Paradise Lost, by John Milton

Book 5
As I was saying, Paradise Lost has been on my shelf for-practically-ever and I picked it up when I saw Professor Roger’s course on Milton’s poetry on Academic Earth.  I have not quite finished the course yet, but I will have plenty to say about that, too.

The most famous line in the poem belongs to Satan:  “Better to reign in Hell, than serve in Heav’n”.  And Satan makes some convincing arguments until he is just plain mean to my friend, Eve.  Poor Eve.

I am not a real feminist, mostly because the world has been pretty good to me and even the Old Boys’ Club lets me play in the Clubhouse from time to time.  But my closet feminist self is the true and honest reason that I cannot embrace organized religion and it is from that perspective, (egged on by Professor Rogers) that I was attacking this piece.

Rogers says that Eve is “doctrinally wrong” in Paradise Lost, but that she asks some really good questions.  Although, it can be argued that asking any questions while you are living in Eden is by its nature doctrinally wrong. 

Eve is submissive to Adam, and apparently of her own free will.  But one of the great things that Milton does is in challenging the very concept of Free Will as it stands opposed to Predestination.  The old philosophical question – “If God knows it is going to happen, why doesn’t he stop it?”  blahblahblah.

Skip to the part of the text that really hit me.  Eve wakes up one day and suggests to Adam that he go work in one part of the garden and she will work in another part of the garden.  Splitting up for the day so they can get some actual work done.  (Apparently Dude can’t keep his eyes off her or something.)  Adam doesn’t want to do that, saying that the bad guy is out there ready to be bad and they are safer together.  Eve’s counterpoint (a great series of lines) is that if they have to live in fear of the Baddie, they can hardly call it Paradise.  It ends with:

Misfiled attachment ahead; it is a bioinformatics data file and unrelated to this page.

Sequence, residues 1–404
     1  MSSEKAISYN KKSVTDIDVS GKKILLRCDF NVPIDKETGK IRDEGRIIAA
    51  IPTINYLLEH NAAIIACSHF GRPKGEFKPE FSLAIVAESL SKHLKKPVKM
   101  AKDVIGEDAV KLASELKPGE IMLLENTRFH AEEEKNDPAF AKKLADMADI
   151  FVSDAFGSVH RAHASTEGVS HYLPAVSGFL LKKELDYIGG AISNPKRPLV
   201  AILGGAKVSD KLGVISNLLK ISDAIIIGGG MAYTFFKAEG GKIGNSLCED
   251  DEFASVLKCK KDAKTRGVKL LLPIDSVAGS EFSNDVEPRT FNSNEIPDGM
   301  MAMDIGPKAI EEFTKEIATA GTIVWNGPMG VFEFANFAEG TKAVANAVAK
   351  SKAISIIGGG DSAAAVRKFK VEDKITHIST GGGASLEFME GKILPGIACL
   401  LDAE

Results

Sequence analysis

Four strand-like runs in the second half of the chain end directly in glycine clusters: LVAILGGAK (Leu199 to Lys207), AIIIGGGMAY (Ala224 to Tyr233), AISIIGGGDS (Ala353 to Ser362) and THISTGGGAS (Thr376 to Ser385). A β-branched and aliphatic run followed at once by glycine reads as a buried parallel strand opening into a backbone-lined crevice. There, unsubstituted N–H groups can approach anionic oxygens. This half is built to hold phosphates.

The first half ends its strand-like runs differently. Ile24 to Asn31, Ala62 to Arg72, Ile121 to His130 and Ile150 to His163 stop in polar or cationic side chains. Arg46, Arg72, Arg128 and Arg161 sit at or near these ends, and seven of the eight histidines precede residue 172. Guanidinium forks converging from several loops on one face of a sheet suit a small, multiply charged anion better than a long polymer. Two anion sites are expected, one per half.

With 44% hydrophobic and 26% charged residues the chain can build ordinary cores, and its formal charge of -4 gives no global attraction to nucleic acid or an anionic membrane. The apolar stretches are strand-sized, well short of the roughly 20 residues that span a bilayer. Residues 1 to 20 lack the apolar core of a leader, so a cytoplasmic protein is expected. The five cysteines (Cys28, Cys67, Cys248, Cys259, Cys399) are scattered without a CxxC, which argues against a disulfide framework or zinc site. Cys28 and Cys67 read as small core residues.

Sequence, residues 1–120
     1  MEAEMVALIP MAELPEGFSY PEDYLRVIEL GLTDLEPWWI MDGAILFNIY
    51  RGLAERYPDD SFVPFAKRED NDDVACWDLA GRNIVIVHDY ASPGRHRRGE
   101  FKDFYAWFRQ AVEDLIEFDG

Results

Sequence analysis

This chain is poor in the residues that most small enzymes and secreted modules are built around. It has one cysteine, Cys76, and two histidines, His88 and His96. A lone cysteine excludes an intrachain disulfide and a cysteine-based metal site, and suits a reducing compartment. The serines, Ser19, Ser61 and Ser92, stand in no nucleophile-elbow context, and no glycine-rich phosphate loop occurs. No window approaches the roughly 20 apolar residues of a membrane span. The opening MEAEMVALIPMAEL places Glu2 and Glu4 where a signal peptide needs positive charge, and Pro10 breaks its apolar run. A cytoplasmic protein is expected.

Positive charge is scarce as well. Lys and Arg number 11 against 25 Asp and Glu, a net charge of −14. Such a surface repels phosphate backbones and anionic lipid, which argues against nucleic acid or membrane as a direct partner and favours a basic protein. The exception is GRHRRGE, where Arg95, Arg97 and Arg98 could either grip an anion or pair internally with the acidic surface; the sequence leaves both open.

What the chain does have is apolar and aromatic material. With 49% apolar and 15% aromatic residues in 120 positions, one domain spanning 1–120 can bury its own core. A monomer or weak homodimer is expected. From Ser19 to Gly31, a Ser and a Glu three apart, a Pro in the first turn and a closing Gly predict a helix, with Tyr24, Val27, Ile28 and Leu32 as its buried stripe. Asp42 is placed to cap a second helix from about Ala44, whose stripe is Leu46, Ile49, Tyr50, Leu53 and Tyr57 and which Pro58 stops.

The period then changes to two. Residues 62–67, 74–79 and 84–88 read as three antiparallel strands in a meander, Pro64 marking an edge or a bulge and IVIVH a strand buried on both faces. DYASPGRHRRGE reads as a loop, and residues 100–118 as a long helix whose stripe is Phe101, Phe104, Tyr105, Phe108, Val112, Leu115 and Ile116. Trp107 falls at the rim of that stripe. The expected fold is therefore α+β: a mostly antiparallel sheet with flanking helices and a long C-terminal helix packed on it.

“Frail is our happiness if this be so,
And Eden were no Eden thus exposed.”
People, I about came out of my chair at that one.  Because while Eve was actually talking about fear of the Baddie, there is also truth to the fact that her de facto subservience to Adam was bugging her.   (You really get to that after she eats the apple.)  Professor Rogers noted that any person that is the low guy on the totem pole is going to wish/plan/plot/hope to become equal, or even superior to the other guy.  Which led me to the conclusion that Eden wasn’t actually Paradise to Eve in the first place.  So why shouldn’t she disobey the one stupid rule of the Guy that created the Order to the Universe that has made her inferior?
(waits for the bolt of lightning)
The old school theology says that God knew she was inferior because He knew she was going to eat the apple so he created the sexual hierarchy for that reason.  Sorry, but I don’t buy that.
Anyway.  I think I am going to have to read Paradise Regained.

One Comment on “Paradise Lost, by John Milton

  1. And here's what the completely out of the closet feminist Wollstonecraft says about Milton's 'Unargued I obey; so God ordains; God is thy law, thou mine':'These are exactly the arguments that I have used with children; but I have added, your reason is now gaining strength, and, till it arrives at some degree of maturity, you must look up to me for advice – then you ought to think, and only rely on God.'Take that, Milton!

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